Tagged vision loss

CNIB Night Steps

On Friday, September 22, Dr Lee and the Whitby Vision Care team will be participating in the CNIB Night Steps fundraising walk!
Please help us support CNIB’s work to assist thousands of Canadians who are blind or partially sighted with life-changing programs, such as orientation and mobility training, library services, emotional support, computer training and more.

Follow the link below to donate to our team!
I’m supporting CNIB Night Steps

Diabetic Retinopathy Video

The back of your eyes is the only place we can actually SEE blood vessels without cutting open skin. Not only can your Doctor of Optometry see changes due to diabetic retinopathy, but also other general health conditions such as high blood pressure, and more!
The Ontario Association of Optometrists recommends a comprehensive eye exam every 1-2 years for healthy adults, even if you are not noticing any changes in your vision. Adults over age 60 should be seen yearly.
#VisionHealthMonth

 

What Not To Say To A Blind Person

Vision loss doesn’t mean a person just sees darkness – it can come in a wide spectrum. People with vision loss may still see colours, shapes, and forms, but may have difficulty with detailed tasks like identifying money, or using a stove. However, with the right support, people who are blind or partially sighted can still lead an independent life!
Watch the video below for some tips to avoid offending your awesome partially sighted friends 😜

 

Early detection and treatment of glaucoma

Glaucoma is the second most common cause of blindness worldwide and as many as 4.5 million people are blind because of it. This number will rise to 11.2 million by 2020.

“It’s one of those things that is very advanced by the time people have symptoms. That’s why it’s really important to have an eye exam with a doctor of optometry to ensure it’s being monitored or that it’s caught early and treated so you don’t have vision loss.” – Dr. Maggie Gibb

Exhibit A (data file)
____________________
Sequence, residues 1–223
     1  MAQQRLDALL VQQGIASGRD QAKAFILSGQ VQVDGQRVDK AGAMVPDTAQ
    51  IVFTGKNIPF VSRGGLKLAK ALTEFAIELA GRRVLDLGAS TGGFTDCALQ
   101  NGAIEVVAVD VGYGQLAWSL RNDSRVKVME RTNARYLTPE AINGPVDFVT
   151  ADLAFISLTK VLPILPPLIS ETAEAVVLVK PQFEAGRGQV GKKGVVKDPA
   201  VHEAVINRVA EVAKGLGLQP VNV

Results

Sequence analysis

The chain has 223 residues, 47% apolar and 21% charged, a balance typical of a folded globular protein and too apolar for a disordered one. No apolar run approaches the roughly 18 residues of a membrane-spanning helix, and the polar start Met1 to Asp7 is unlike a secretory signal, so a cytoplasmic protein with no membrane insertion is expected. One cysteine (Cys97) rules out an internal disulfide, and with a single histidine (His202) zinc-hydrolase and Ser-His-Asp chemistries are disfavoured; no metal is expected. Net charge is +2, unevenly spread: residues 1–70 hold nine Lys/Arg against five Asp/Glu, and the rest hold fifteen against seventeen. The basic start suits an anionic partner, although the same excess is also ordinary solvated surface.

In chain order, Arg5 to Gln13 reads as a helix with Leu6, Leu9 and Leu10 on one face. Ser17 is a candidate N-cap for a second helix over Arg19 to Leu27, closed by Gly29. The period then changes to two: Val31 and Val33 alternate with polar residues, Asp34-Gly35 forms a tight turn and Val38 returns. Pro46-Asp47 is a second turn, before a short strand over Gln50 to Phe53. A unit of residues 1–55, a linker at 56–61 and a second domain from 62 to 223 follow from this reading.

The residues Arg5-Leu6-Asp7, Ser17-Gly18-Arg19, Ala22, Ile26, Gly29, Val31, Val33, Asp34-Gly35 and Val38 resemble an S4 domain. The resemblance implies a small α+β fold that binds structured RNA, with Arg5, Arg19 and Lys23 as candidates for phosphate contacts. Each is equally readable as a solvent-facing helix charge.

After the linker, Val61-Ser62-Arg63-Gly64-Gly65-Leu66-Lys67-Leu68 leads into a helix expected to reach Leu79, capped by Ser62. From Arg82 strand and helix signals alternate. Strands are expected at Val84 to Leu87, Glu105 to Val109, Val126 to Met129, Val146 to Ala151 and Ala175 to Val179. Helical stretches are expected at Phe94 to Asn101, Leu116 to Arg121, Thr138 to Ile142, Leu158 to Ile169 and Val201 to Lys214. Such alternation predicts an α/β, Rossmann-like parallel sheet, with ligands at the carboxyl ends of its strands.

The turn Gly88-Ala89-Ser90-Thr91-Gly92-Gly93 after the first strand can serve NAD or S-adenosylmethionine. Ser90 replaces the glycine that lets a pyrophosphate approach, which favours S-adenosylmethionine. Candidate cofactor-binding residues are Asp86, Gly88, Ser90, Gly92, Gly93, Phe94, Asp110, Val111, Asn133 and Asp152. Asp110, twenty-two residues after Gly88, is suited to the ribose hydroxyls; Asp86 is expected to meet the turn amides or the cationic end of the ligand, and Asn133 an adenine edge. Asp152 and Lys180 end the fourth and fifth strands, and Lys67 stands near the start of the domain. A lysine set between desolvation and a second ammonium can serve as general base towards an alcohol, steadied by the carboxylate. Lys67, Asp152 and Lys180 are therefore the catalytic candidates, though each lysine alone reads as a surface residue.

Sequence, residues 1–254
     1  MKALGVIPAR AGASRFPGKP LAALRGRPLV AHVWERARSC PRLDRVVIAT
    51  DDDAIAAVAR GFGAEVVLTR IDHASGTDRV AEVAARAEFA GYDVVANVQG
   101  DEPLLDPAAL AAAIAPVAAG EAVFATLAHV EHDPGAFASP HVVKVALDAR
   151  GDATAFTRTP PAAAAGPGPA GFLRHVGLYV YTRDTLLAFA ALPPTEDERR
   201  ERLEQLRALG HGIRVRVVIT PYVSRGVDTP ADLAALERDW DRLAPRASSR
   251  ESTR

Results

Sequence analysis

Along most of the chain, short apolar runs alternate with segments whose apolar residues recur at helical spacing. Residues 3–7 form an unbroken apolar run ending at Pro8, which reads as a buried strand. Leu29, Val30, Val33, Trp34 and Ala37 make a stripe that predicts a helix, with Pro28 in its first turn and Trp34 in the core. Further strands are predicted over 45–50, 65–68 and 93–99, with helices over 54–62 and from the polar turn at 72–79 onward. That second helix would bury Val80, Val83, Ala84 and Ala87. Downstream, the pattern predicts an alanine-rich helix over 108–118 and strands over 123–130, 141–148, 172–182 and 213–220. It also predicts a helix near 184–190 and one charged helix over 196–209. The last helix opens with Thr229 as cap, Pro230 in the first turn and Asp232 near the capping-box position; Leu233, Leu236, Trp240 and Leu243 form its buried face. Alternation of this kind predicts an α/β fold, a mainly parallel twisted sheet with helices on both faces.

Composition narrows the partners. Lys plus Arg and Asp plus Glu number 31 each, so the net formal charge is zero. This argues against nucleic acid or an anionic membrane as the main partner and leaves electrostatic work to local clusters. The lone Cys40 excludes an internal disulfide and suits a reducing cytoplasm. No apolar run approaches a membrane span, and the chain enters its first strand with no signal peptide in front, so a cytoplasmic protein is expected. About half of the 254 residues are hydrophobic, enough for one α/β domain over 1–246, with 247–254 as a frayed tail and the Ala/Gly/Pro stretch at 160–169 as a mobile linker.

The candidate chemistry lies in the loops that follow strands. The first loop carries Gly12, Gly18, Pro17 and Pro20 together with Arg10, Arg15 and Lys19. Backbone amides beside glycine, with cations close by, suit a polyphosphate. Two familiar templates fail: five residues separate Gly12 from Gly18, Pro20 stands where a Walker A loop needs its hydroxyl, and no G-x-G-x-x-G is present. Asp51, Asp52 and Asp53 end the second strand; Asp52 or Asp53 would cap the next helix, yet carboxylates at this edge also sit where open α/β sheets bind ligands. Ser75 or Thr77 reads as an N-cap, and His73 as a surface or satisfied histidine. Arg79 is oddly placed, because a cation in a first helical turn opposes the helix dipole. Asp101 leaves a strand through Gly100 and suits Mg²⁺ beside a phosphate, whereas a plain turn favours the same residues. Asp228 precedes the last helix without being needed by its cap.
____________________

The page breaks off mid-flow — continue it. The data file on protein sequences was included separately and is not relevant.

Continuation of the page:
Click here to read more

Damage from glaucoma starts gradually and subtly, so that by the time you notice any changes in your vision, it is already advanced. The damage is mostly irreversible once it has occurred, so it’s important to detect it early and start treatment early to slow down progression.

If you are…
– over the age of 40
– have a family member with glaucoma
– are of African, Hispanic, or Asian heritage
– have high eye pressure
– have had an eye injury
– have corneas that are thin; or
– have diabetes, migraines, high blood pressure, poor circulation, or other health problems affecting the whole body
…then you are more at risk of developing glaucoma. Come in for a comprehensive eye exam, and talk to Dr. Lee about your risk of getting glaucoma. She will let you know how often you need to come in for follow up exams.

Early detection and treatment can protect your vision. If you haven’t had an complete eye exam in the last 1-2 years, you need to schedule a complete eye disease assessment, even if you don’t need glasses or have any symptoms.

Call (905) 666-4848 to schedule an eye appointment today!